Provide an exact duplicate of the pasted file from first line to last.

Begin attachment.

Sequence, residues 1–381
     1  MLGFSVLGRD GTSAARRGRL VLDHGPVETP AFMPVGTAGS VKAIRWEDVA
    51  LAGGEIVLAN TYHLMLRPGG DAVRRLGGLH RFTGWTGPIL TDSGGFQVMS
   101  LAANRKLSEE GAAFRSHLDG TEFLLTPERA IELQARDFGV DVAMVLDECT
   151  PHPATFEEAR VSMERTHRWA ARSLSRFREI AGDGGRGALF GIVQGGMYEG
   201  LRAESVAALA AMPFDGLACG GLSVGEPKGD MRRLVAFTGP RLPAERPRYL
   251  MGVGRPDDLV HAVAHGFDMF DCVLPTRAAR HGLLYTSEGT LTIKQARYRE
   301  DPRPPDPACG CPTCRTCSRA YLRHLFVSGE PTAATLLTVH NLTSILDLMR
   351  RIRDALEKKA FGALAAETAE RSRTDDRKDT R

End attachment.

Sequence, residues 1–381
     1  MLGFSVLGRD GTSAARRGRL VLDHGPVETP AFMPVGTAGS VKAIRWEDVA
    51  LAGGEIVLAN TYHLMLRPGG DAVRRLGGLH RFTGWTGPIL TDSGGFQVMS
   101  LAANRKLSEE GAAFRSHLDG TEFLLTPERA IELQARDFGV DVAMVLDECT
   151  PHPATFEEAR VSMERTHRWA ARSLSRFREI AGDGGRGALF GIVQGGMYEG
   201  LRAESVAALA AMPFDGLACG GLSVGEPKGD MRRLVAFTGP RLPAERPRYL
   251  MGVGRPDDLV HAVAHGFDMF DCVLPTRAAR HGLLYTSEGT LTIKQARYRE
   301  DPRPPDPACG CPTCRTCSRA YLRHLFVSGE PTAATLLTVH NLTSILDLMR
   351  RIRDALEKKA FGALAAETAE RSRTDDRKDT R